A legend of regional theatre long before he first appeared on television, talented character actor John Spencer was first renowned in New York circles for his electrifying performances onstage throughout the 1970's and 1980's - even winning the coveted Obie Award for his work in the 1981 off-Broadway production of "Still Life. " But it was not until he made his on-screen debut in 1983's sci-fi thriller "WarGames" that landed on Hollywood's radar, culminating in a long career as a go-to TV series actor - most famously as White House chief of staff Leo McGarry on "The West Wing" (NBC, 1999-2006).
Born John Speshock on Dec. 20, 1946, Spencer was the only child of Ukrainian and Irish-American parents. Raised in a blue-collar Roman- Catholic home, Spencer was "weaned on television," but fell in love with live theatre as a young boy. By grade school, Spencer's career path was already set - at the age of 12, he directed and starred in his own production of "My Fair Lady." In 1962, Spencer enrolled at the Professional Children's School in Manhattan, where he studied alongside classmate Liza Minnelli. Spencer's first major television role was as recurring character Henry Anderson, the lovestruck boyfriend of Cousin Kathy on "The Patty Duke Show", (ABC, 1963-66). Spencer left Hollywood in 1968, however, to return to New York and his first great love - the live stage.
Starting in regional theatre in the early 1970's, Spencer gained a solid reputation as a fearless actor. Between 1974 and 1980, Spencer performed in such stage works as Tennessee Williams's "The Glass Menagerie," Don Delillo's "The Day Room" and David Mamet's "Lakeboat." Spencer was most celebrated, however, for his 1981 Obie Award-winning performance as a haunted Vietnam vet in Emily Mann's "Still Life," for which he was honored as Best Actor. When "Still Life" came to the Los Angeles stage in 1983, Spencer was personally tapped by director John Badham to star in the minor role of Jerry Lawson in his upcoming project, "War Games." The Matthew Broderick thriller benefited greatly from the political climate at the time - with the U.S.S.R. still a viable nuclear threat to the States - all of which helped make the film a huge summer hit.
Throughout the 1980's, Spencer landed a number of small roles in such films as "Hiding Out" (1987), "Sea of Love" (1989) and "Black Rain" (1989), but his watershed role came in 1990, in the courtroom thriller "Presumed Innocent" directed by Alan J. Pakula. In it, Spencer played Dan Lipranzer, a detective and loyal friend to Assistant D.A. Rusty Sabich, played by Harrison Ford. The success of the film and acclaim "Presumed Innocent" brought the supporting actor, would lead to his next gig and a return to the small screen.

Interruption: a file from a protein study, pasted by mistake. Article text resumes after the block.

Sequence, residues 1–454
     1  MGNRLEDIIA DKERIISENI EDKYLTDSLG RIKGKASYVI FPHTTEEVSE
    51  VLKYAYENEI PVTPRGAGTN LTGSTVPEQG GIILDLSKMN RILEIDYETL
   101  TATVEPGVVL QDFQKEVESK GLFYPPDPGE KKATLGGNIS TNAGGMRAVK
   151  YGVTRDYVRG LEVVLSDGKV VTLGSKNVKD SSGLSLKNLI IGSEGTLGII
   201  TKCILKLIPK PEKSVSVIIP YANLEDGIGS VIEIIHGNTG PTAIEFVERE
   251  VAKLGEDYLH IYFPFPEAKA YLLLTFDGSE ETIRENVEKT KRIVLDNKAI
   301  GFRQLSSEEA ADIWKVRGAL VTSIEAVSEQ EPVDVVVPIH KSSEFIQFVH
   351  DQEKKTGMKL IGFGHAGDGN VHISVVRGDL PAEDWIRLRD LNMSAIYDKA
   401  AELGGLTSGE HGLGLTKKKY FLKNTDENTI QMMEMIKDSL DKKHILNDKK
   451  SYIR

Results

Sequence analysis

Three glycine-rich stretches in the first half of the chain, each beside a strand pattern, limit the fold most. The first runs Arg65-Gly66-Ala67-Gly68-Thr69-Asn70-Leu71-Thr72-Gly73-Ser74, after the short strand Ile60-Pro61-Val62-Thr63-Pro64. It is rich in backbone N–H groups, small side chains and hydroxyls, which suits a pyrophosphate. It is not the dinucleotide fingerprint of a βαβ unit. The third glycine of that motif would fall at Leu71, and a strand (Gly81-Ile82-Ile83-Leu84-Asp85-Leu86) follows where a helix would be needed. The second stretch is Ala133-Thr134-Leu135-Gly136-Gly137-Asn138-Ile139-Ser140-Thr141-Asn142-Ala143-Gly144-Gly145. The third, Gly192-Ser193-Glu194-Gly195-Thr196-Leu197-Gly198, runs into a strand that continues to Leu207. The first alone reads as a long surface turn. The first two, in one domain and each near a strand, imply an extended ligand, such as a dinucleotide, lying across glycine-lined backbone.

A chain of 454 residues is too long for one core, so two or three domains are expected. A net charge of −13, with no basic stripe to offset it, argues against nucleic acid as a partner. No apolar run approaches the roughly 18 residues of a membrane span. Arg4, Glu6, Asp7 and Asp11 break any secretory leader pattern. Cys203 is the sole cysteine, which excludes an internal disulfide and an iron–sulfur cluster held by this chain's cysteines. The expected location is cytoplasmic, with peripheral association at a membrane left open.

In 1990, Spencer was hired by producer David E. Kelley for the recurring role of scrappy, street-smart defense attorney, Tommy Mullaney, on the long-running legal drama, "L.A. Law" (NBC, 1986-1994). Spencer's character proved popular enough that he eventually joined the cast as a series regular starting in 1991.
Spencer's most famous television role, however, would be his last. In 1999, the acclaimed actor landed the role of White House chief of staff Leo McGarry on "The West Wing." A recovering alcoholic like Spencer, himself, the curmudgeonly, but compassionate McGarry became a much-loved character who often served as the show's moral compass. In 2002, Spencer received an Emmy Award for Outstanding Supporting Actor for his signature role.
To the surprise of family and friends - and the shock of his 'West Wing" co-workers who were in the process of wrapping up the show's final season - Spencer suffered a fatal heart attack and died at a Los Angeles hospital on Dec. 16, 2005, just four days shy of his 59th birthday. At the time of his unexpected death, the actor had already appeared in two of the five "West Wing" episodes in post-production. Spencer's death was subsequently written into the show by having McGarry (who, by then, had become the Democratic Vice-Presidential candidate) die of a heart attack on the eve of election night.